I’ve spent a large part of the last year talking about cookies, writing about cookies, advising about cookies and avoiding cookie related puns wherever possible. Now that cookie day is upon us I thought I’d take a look back at the last year and see if we can learn anything about what has happened.
It’s easy to get involved in politics when it’s too late.
The cookie law didn’t just appear over-night. To start with there were discussions in Europe about it, which eventually lead to the EU directive being issued, which eventually lead to the UK law being implemented, and then we were given a years grace. It’s been several years in the making. The time to protest about how ill thought out and misdirected this law is was in 2009. Unfortunately most of us don’t pay much attention to what happens in Brussels. We only noticed what was going on when it had all happened and the law had been passed and we’ve only ourselves to blame for that. Complaining about the cookie law to the ICO now is a bit like shouting at the Saturday girl in Primark about child labor in Chinese factories. Just like the law, that would be ill thought out and misdirected. If you are interested in the politics of the internet, get involved where and when it counts, because you’ll look a bit silly being indignant from the sidelines three years too late.
Hopefully it has not escaped your notice that there are a whole load of new ePrivacy laws that will hit us in a about 18 months time. Do you care about these? If you’re reading this you probably do. So do some research and get involved.
People are happy to deliberately misunderstand things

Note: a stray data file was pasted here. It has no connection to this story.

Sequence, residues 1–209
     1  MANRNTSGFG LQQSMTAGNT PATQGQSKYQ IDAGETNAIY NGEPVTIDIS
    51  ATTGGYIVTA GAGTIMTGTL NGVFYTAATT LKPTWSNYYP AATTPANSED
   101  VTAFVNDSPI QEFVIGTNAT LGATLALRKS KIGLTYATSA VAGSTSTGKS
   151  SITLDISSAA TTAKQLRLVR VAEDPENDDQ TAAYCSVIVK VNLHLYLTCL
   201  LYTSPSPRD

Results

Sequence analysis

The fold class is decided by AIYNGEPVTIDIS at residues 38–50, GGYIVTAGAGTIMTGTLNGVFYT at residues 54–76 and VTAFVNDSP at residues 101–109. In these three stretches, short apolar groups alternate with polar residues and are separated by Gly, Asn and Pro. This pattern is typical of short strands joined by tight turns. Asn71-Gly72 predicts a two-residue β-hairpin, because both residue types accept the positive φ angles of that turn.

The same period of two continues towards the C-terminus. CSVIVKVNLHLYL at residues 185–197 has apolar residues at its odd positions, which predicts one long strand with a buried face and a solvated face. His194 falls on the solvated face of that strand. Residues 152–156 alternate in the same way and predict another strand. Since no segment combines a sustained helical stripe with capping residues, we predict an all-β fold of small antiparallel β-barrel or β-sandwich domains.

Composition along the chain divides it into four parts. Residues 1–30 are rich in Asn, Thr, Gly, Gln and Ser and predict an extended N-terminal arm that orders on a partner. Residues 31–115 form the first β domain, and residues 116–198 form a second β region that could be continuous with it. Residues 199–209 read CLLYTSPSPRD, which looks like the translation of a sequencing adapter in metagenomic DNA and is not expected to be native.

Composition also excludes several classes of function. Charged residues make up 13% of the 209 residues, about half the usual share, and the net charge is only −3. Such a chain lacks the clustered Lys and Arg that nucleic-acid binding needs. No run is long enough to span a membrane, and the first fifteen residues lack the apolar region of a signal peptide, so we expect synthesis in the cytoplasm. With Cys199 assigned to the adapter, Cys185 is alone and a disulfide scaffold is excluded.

It hasn’t helped that the law was very badly worded but that hasn’t stopped lots of people deliberately misunderstanding and misrepresenting it. Whatever your views on it, the ICO’s guidance has been consistent, brief and readable throughout and made it clear from the outset that consent does not always have to mean prior opt in consent. There have been lots of articles, videos and blogs that have gone to great lengths to describe how disastrous prior opt in consent would be for the web. I don’t disagree, it would be rubbish. But it’s not an issue because it won’t be necessary in the majority of cases.
And what baffles me further is that many of the people who have been most vocal about how terrible prior opt-in consent is, have gone and implemented prior opt-in consent on their own websites for innocuous things like analytics cookies! It’s web martyrdom and it’s not impressive. It’s like driving at 40mph on the motorway because you don’t think 70mph is fast enough.
So what happens next?
In the short and medium term, not a lot probably. The ICO will investigate any serious breaches but I get the impression they think they have got far better things to do with their scarce resources. What concerns me is that when the next round of ePrivacy (PECR) laws appear everyone will remember what a disaster the cookie law was and fail to take the new laws seriously. One thing we can be sure of is that it will be ugly. The new laws will be much more complicated and far reaching than the cookie law and there will be even more scope for confusion and misunderstanding, deliberate or otherwise. You have been warned!